The Flat Tax Alternative – Sliding Percentage
A Flat Income Tax does not require a constitutional amendment. A simple change in the rate structure and regulations passed by Congress and signed into law could wipe out arduous record keeping and many hours of angst by employers and income earners alike. Eliminating complex deduction rules will eliminate the (deductible) expense of accountants and tax preparers. Those with the most income would pay the most in taxes by eliminating tax avoidance schemes and special loopholes. A Flat Tax ensures EVERYONE pays some tax and therefore has some “skin in the game” to provide more interest in where and for what their tax money is being spent. No one, regardless of income over a minimum amount would get a free ride. All income would be taxed including welfare, public assistance, social security, etc.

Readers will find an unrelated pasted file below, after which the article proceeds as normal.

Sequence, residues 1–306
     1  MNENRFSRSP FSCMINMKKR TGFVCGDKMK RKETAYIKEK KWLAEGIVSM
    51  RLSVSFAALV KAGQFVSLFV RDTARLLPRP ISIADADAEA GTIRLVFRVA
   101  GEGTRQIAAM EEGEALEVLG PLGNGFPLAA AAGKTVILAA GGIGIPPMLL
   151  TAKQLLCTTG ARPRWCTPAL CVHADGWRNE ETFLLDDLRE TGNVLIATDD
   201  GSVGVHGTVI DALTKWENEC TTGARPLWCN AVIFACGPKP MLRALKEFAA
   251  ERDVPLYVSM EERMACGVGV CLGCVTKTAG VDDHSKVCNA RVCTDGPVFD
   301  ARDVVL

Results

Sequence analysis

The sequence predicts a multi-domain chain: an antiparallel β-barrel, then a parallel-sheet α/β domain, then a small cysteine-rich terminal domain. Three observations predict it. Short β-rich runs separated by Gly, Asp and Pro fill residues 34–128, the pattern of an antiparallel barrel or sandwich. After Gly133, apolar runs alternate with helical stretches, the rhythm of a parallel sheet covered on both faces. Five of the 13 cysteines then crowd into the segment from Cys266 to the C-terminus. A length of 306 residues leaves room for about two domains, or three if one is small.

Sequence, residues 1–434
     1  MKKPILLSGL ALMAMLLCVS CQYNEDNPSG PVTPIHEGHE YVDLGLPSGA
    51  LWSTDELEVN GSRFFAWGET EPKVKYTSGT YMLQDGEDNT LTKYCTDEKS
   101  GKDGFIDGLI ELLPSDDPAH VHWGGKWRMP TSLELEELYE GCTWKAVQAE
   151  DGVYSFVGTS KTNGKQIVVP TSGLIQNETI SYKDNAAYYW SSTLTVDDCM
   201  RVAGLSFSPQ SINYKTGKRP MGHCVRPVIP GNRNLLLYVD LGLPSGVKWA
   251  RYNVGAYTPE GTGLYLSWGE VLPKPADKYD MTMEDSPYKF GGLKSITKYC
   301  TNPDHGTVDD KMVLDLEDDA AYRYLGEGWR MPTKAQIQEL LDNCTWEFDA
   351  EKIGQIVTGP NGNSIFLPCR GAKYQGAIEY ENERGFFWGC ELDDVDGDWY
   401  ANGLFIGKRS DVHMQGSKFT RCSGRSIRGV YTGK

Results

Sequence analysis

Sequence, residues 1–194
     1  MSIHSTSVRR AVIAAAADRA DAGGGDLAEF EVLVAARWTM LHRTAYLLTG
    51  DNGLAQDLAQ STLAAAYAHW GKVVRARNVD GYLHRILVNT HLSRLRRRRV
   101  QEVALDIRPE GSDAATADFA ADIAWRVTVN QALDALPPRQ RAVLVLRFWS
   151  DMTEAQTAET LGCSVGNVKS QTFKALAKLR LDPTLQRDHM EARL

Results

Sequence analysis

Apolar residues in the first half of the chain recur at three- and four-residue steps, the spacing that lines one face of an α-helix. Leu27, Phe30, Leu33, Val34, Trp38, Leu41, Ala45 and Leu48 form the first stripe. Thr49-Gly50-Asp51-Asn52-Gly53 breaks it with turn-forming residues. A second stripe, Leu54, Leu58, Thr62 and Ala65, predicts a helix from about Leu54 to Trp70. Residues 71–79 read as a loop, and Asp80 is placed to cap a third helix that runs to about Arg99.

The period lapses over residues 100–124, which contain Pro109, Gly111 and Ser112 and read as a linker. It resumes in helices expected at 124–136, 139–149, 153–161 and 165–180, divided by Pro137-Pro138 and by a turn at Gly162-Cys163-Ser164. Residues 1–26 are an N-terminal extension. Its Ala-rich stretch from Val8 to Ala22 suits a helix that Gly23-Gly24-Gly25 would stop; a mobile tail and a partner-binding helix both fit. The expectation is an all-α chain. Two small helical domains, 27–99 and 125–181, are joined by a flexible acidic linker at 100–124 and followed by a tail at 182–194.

A modification to the Flat Tax concept is a sliding scale rate such as
one percent (1%) per $10,000.00 income up to a certain limit such as 39 percent.
A person making $20,000.00 a year would owe two percent or $400.00.
A person making $50,000.00 would owe five percent or $2500.00.
A person making $100,000.00 would owe 10 percent or $10,000.00.
A person making $300,000.00 would owe 30 percent or $90,000.00.
A person making $500,000.00 would owe 39 percent or $195,000.00
A person making $1,000,000.00 would owe 39 percent or $390,000.00
This is per person NOT per family. There are NO DEDUCTIONS. A postcard return would simply have How Much You Made times the appropriate percentage for that income amount, equals total tax owed.
The Flat Tax does require Congress to give up their power to reward their friends and punish their enemies with manipulation of the tax loopholes and deductions.
I am not sure where this particular example comes out in the "revenue neutral" concept but cutting spending and a balanced budget amendment are also needed.
Where am I going wrong here?
Carl Anderson - Hampton VA